A pedestrian walks down a Crystal City street in Arlington. (Michael Reynolds/EPA-EFE/Shutterstock)
Columnist

In horror movies, something seemingly innocuous always happens before the terror. Maybe a phone rings and no one is on the other end. Maybe a window is found open, even though someone just closed it.

Maybe there’s a knock on the door.

The knock on Sarah Andrade’s front door on a recent afternoon was not exactly terrifying. But the uncanny timing of it speaks to fears in Northern Virginia, and in particular Arlington County, where Andrade lives and where Amazon plans to build one of two new headquarters.

A day after Amazon announced it was splitting its investment between Long Island City in New York and Crystal City, Andrade logged on to the social networking site Nextdoor and started reading through her neighbors’ comments about the company’s impending arrival.

Some described it as a “win” for the area. Others questioned how the county planned to preserve affordable housing. One person warned, “You will see a house buying experience like never before. Always cash and always bidding up the price. Rent will go out of most people’s reach and nothing will ever look the same.”

Somewhere in the middle of reading all those comments, Andrade heard the knock.

When she opened the door, a real estate agent from Keller Williams wanted to know whether her family or anyone in her neighborhood was interested in selling their houses.

Arlington has long been a desirable place to live, with many homes drawing bidding wars and selling for more than $1 million even before Amazon promised to bring 25,000 high-salary jobs to the region. The question raising fears now is how much of an impact the company will have on housing across the area and how it will change the county’s character.

In recent days, many residents have expressed concerns that Arlington will become Seattle (sorry, Seattle). In the city where Amazon is headquartered, homelessness and inequality have risen as homes have become less affordable. Already, according to an article by my colleagues Tracy Jan and Kathy Orton, people familiar with the Washington region’s housing market are predicting Amazon will exacerbate inequality, making Arlington less racially and economically diverse.

That should terrify us.

Beyond the county’s obvious selling points for Amazon — including its highly educated workforce and ease of access to public transportation — one of Arlington’s major strengths is its diversity. It is one of the main reasons many homeowners chose to move to the county. It was one of the reasons my husband and I did.

We have lived in the county for nearly a dozen years and have been homeowners here for seven. We picked Arlington as the place where we wanted to raise our children, drawn by the possibility that we could send them to a good public school and not predict the race or ethnicity of their best friend or what that child’s parents might do for a living.

We’re not alone in that. In our ultracompetitive society, it may seem a given that all parents would send their children to the closest school with the best test scores. But that is not always the case in Arlington. I have had discussions with several parents who have spent time considering whether it’s better to send their children to a closer school with higher scores or to have them travel a bit farther to attend a school with lower scores but more diversity.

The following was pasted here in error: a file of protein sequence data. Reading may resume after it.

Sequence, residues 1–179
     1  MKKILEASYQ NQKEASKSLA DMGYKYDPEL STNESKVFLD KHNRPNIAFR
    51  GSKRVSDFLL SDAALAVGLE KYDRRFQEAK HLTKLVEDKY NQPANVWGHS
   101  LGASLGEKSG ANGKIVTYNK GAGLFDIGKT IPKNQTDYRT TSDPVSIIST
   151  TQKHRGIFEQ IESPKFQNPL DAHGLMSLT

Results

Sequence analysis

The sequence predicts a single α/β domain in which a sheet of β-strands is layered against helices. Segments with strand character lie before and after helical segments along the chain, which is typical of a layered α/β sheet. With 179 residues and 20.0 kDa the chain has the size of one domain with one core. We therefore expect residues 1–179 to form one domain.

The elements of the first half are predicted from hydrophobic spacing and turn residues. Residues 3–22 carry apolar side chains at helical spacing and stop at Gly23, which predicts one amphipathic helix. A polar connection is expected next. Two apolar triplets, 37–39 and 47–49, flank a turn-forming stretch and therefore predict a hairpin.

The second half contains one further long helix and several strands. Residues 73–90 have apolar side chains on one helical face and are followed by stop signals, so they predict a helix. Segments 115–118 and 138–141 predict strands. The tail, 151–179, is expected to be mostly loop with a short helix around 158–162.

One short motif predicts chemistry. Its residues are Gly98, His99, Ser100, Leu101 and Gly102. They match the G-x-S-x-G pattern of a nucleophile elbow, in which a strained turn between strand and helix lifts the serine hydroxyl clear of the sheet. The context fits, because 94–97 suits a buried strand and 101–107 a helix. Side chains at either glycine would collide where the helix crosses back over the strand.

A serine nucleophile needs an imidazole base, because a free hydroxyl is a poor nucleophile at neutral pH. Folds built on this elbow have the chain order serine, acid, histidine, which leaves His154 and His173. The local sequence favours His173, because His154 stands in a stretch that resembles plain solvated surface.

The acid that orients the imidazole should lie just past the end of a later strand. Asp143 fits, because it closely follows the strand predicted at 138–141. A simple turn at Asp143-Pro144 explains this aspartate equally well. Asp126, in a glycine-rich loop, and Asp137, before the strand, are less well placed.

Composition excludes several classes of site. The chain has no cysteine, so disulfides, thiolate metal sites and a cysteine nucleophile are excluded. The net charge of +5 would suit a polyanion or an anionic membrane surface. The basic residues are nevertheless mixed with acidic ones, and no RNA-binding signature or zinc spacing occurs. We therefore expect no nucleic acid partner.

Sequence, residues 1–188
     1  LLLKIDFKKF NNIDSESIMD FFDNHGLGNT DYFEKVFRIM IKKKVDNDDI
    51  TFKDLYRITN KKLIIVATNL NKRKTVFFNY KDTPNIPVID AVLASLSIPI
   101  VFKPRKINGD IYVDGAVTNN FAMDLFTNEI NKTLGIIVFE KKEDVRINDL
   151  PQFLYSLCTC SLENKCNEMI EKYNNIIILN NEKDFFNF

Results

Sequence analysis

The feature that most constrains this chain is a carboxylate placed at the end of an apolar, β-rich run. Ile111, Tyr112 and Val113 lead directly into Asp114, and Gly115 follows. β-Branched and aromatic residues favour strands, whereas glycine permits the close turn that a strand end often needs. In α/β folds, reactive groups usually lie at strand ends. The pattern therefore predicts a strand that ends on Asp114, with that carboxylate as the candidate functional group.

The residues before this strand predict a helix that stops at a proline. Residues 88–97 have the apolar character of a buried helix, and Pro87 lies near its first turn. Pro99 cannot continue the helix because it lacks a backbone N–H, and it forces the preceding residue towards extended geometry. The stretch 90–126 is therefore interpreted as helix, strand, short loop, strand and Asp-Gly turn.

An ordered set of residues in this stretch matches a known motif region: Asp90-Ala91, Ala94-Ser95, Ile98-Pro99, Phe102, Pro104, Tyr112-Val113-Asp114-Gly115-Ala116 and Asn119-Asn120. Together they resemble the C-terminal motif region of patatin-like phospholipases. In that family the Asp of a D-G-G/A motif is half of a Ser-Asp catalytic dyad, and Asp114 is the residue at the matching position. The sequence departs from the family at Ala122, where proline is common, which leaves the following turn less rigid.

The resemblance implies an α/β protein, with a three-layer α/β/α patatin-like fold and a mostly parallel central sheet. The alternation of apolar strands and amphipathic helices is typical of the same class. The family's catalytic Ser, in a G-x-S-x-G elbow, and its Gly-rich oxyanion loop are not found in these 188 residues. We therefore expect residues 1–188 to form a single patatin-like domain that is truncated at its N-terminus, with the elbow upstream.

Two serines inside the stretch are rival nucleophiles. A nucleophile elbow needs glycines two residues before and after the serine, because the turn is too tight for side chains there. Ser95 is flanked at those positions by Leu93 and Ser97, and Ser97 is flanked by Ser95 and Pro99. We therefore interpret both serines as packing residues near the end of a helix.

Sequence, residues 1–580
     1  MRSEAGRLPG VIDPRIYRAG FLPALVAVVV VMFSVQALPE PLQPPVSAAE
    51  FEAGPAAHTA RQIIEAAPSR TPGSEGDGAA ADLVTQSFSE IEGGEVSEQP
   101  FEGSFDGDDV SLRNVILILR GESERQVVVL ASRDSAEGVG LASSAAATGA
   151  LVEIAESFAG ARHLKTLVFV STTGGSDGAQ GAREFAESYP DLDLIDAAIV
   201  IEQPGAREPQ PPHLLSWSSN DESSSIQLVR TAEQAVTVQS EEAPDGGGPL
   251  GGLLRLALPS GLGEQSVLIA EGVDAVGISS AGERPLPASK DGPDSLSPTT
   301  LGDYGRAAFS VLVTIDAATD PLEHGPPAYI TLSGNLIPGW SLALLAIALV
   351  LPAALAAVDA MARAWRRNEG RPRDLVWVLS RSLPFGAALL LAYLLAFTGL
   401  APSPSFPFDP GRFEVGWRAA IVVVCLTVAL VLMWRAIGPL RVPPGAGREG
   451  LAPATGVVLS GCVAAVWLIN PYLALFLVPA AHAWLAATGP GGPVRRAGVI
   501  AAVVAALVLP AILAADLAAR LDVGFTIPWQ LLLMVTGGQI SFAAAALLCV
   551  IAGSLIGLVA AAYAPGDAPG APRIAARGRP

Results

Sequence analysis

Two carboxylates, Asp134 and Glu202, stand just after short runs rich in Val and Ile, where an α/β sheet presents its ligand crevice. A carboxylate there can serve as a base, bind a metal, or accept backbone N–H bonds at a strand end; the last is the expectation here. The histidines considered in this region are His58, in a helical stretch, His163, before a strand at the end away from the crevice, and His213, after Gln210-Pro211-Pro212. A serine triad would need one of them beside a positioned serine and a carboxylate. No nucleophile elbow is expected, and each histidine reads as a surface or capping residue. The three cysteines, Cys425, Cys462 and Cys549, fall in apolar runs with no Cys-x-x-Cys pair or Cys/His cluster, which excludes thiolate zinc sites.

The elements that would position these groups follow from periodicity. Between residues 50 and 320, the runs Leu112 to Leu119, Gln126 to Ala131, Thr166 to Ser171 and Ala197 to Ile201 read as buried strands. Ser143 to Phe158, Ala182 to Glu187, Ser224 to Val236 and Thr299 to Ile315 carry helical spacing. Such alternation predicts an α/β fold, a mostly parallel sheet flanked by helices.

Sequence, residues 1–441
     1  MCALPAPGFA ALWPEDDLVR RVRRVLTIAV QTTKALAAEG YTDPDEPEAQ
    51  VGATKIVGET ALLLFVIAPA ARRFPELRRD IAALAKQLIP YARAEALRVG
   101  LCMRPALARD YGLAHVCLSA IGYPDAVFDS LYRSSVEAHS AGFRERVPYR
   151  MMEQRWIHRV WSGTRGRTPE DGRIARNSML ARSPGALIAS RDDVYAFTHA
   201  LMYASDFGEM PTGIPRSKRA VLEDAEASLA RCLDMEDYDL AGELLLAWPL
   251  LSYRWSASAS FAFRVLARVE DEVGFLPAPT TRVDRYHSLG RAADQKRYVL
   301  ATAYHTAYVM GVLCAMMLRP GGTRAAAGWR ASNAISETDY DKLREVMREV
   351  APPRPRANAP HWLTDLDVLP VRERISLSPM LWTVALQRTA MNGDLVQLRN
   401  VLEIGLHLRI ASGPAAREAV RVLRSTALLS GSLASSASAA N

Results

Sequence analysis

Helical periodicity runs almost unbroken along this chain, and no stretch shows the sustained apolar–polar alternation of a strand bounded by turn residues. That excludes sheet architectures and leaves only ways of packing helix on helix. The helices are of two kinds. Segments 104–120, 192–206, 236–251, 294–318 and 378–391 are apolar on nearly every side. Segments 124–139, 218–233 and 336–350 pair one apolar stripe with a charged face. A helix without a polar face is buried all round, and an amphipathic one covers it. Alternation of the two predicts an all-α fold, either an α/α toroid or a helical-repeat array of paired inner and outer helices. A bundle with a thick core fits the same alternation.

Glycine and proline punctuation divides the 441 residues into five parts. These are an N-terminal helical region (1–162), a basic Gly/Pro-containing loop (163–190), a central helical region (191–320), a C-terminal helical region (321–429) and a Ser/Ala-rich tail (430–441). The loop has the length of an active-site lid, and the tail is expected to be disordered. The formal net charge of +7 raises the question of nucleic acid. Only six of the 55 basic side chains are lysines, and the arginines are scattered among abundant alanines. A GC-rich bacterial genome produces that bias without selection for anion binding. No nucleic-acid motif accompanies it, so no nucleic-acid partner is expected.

Andrade, who received that knock on her door, has a 6-year-old daughter in first grade and said there are about 60 languages spoken in her school.

“I think that would be a true crime to lose that diversity and that exposure to learning compassion and understanding of one another’s cultures and beliefs,” she said.

Andrade said her family is “emotionally and financially” invested in the county. She moved here in 1998, and she and her husband, John, bought their current home in 2012. He also has plans to open Meridian Pint, a restaurant with a location in the District, in the Dominion Hills shopping area in April.

“Overall, I am in the camp that I think it will be a good thing for the community,” Andrade said of Amazon’s decision. “It can ultimately be something that will strengthen Arlingtonians.”

As for that knock on the door, she and her husband believe it won’t be the last. And they are probably right.

Local real estate agents are already seeing the influence of Amazon, which was founded by Jeffrey P. Bezos, who also owns The Washington Post. The new headquarters will be located in an area that has been dubbed “National Landing” and includes parts of Crystal City and Pentagon City in Arlington and Potomac Yard in Alexandria.

“When word hit that Amazon was potentially looking to move its headquarters into Virginia, everyone was already talking about how this would mean a lot of business for Realtors — and they were right,” said real estate agent Laurie Jimenez, who helped my family when we were looking to buy a new home in Arlington.

She said she expects that the housing market will not only see a rise in real estate prices, but also an increase in demand for rentals because of the demographic of the talent Amazon is seeking: young, single professionals who “have more of an affinity for the convenience, flexibility and affordability that renting brings.”

As someone who is personally invested in Arlington and wants to stay here for a while, I hope we learn from Seattle. That city didn’t have the opportunity to look at another place and see what was done right in partnership with Amazon and what could have been done better. We do.

This doesn’t have to be a horror movie. The script has not yet been written. That means there is still time to determine how this will end — happily ever after or with us haunted by this decision.